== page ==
Include a Return Address
Finally, always make sure to include a return address in the upper left-hand corner. That way, if your card can’t be delivered, it will at least be sent back to you so that you can try again.
What to Know About Colombian Addresses
Understanding how their addresses work is important before we give you all the details you need about mailing to Colombian locals.
If you’re traveling in countries with English as the primary language, you’ll commonly use boulevards, lanes, streets, drives, and avenues to know the location’s exact address. It’s completely different in Colombia.
Colombia uses two words in locating addresses: calle and Carrera. Calle means street, while Carrera translates to an avenue. Basically, Colombia’s calle and Carrera are across each other, and they are almost always perpendicular.
As you go further north in Colombia, Calle numbers go up and down when you travel further south. On the other hand, Carrera numbers go up as you travel to the west and go down when you head towards the east! But don’t get fooled. Street names can get pretty confusing at the start.
For instance, don’t expect only four city blocks between Carrera 50 and Carrera 46. Look it up on Google, and you’ll see there are more than just four. This is because of emerging new neighborhoods and their corresponding street locations.
The next time you decide just to walk to reach two nearby locations, check them out on Google Maps first. You don’t want to end up walking for an hour to reach those two points, do you?
The Truth About Zip Codes
Another fact about Colombian addresses is that zip codes aren’t common at all! In fact, it was only in 2009 when 472, Colombia’s national postal service initiated a zip code campaign. This zoned the entire country to encourage the locals to use zip codes when writing their addresses.
That also means you can freely look it up on the 472 website when looking for a specific zip code. Don’t attempt asking a fellow Colombian because it’s very rare for a local to know any postcode, even his residence’s!
The Best Mobile Apps to Find Colombian Street Addresses
Mobile apps are helpful when you want to locate a specific address at your convenience. And with the rise of various tech tools, we generally suggest using two mobile apps when visiting Colombia: Waze and Google Maps.
Google Maps is undoubtedly the key to your navigation issues in Colombia. It’s even more fascinating to find out that this app is almost hundred percent accurate in this country. Tourists love using Google Maps to reach their destinations, especially when walking.
Another benefit of Google Maps is that it’s fairly easy to use. Plus, you can quickly locate the specific address you’re looking for and the best directions to get there.
Waze is a better suitable mobile app when you’re looking for specific Colombian addresses on the road. What we like about this app is that it gives you an estimated arrival time, considering roadblocks, accidents, and heavy traffic.
Additionally, because several drivers are Waze users, you can find communities of drivers feeding information into the mobile app’s backend. This makes it easier for the app to look for faster alternative routes to reach your desired destination on time.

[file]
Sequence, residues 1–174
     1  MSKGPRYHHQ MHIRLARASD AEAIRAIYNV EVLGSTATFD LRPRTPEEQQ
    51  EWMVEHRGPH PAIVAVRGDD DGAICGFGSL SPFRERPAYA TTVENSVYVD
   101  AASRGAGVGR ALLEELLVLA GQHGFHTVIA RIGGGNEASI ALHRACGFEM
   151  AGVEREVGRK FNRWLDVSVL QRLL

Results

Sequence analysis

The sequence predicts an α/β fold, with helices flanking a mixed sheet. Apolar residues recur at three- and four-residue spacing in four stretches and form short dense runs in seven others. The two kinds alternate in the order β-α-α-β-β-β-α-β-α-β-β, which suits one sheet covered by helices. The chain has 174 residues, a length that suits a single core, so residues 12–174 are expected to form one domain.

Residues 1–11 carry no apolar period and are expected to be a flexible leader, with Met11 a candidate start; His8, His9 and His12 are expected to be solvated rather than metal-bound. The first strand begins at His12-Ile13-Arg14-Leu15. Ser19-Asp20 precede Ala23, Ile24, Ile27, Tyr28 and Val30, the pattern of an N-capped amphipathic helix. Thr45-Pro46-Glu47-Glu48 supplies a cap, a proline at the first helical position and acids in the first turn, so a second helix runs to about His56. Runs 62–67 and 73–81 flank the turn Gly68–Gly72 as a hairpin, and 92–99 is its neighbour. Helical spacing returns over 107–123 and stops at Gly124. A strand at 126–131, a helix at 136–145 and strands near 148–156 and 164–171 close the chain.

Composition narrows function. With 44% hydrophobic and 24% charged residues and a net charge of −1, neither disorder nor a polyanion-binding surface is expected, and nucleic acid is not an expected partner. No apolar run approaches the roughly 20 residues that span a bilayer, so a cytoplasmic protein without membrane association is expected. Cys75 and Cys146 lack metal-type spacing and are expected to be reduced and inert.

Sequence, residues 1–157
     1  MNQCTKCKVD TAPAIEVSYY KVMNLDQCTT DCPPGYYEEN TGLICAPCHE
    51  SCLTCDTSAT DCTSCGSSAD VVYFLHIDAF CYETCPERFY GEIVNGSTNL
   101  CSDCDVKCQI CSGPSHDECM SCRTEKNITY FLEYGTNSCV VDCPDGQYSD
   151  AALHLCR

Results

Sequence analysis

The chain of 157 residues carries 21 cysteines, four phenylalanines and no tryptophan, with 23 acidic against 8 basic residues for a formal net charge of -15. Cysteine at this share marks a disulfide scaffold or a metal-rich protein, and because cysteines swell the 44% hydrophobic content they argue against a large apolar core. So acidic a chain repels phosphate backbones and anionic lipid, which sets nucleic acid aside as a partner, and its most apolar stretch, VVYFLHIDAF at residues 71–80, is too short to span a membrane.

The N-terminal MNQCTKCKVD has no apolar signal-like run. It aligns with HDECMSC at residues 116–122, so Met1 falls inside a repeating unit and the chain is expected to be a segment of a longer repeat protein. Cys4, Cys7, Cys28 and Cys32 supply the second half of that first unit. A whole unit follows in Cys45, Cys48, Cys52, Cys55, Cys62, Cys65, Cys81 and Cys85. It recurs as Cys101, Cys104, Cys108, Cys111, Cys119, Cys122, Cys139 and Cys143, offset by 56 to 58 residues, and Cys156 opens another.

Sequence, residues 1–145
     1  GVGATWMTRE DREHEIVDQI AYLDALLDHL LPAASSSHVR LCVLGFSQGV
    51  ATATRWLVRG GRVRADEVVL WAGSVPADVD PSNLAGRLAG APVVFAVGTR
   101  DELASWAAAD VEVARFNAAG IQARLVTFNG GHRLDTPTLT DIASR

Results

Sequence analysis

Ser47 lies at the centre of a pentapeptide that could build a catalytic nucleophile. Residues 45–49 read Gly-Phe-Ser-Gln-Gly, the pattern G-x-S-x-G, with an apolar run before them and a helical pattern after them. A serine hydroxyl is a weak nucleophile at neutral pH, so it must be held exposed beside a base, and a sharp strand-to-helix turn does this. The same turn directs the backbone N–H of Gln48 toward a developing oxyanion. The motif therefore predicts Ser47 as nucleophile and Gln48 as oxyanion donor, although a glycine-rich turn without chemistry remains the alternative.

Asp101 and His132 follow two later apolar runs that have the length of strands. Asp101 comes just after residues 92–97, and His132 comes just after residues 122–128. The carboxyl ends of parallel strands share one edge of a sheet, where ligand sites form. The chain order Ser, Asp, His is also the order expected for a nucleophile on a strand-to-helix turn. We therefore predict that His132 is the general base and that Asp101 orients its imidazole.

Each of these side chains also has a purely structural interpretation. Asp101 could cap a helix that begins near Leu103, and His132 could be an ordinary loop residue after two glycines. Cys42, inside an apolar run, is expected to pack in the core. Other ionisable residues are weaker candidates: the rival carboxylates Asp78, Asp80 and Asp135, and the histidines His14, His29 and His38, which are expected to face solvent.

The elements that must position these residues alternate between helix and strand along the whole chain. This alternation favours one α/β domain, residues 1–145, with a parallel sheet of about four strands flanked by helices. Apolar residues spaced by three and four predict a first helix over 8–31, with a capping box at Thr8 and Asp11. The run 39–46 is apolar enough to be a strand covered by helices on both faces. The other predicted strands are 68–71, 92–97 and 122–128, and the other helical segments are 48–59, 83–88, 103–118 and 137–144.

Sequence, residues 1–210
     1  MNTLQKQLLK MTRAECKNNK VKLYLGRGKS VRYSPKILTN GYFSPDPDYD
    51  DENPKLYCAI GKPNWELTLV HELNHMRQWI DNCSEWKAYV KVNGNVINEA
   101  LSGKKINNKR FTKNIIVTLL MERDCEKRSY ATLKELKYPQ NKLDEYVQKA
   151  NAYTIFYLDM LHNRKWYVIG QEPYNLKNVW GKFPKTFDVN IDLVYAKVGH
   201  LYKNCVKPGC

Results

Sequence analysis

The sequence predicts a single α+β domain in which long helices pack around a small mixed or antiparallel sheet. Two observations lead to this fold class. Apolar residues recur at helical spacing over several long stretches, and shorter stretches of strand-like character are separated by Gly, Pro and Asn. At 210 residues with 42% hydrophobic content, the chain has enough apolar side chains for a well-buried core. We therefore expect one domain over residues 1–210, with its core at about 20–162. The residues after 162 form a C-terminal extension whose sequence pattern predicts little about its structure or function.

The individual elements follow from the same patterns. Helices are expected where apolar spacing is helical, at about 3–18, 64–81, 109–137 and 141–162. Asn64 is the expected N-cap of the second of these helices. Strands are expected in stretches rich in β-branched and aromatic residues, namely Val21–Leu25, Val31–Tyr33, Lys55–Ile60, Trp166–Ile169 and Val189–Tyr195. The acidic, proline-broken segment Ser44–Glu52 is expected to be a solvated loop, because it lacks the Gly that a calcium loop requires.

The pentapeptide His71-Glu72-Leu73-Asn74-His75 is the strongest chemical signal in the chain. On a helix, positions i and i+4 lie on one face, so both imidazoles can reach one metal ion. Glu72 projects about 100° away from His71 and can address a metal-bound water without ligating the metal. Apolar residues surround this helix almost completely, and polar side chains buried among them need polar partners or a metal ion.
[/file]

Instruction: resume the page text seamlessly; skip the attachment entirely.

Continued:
Colombian Mail Service: Certified Vs. Normal
The two main kinds of Colombian mail services differ on the duration when you’d get the mail.
If you need the letter to reach the person the fastest possible, go for Correo Certificado. The certified mail service allows tracking your letter, especially when it does not arrive on the targeted day.
On average, sending mail from Colombia to Europe or US takes ten to twelve days. But it can cost around 9000 Colombian pesos.
If you don’t want to spend that much, there’s the normal mail service. It’s cheaper and only costs around 2600 to 3600 Colombian pesos for mail reaching US and Europe, respectively.
Street Maps in Colombia
We know using street maps and pretending you’re on a treasure hunt can be entertaining. Unfortunately, physical street maps are rare in Colombia. You won’t see them being sold in local convenience stores like in other countries.
However, you can check the country’s local tourist offices if you want to get a street map as a souvenir. Some of the tourist offices where I got city maps include San Carlos, Cartagena, Pereira, and Medellin.
Along Avenida Poblado in Medellin, you can also purchase the city’s large street map, specifically in the Panamericana bookstore.
Other Helpful Tips
Aside from using helpful apps and learning the difference between Calle and Carrera, here are other helpful tips for writing and addressing the Colombian Address System:
You must always include the “barrio” or the neighborhood when writing the address.
Buildings and residential houses usually have multiple entrances in Colombia. When writing mail, always specify which entrance you want the letter to reach.
You can also use famous buildings or nearest landmarks as reference points when you want to write to specific hard-to-find addresses.
When someone asks for directions, we recommend using cardinal directions south, north, east, and west. Landmarks are also helpful for navigation.
Use the correct postage for international mail and packages to Colombia according to your item’s size and weight
Send Mail to Colombia With Ease
With a bit of understanding, sending holiday cards to Colombia is a breeze. In fact, once you get the basics of addresses in Colombia, they might seem simpler than American addresses!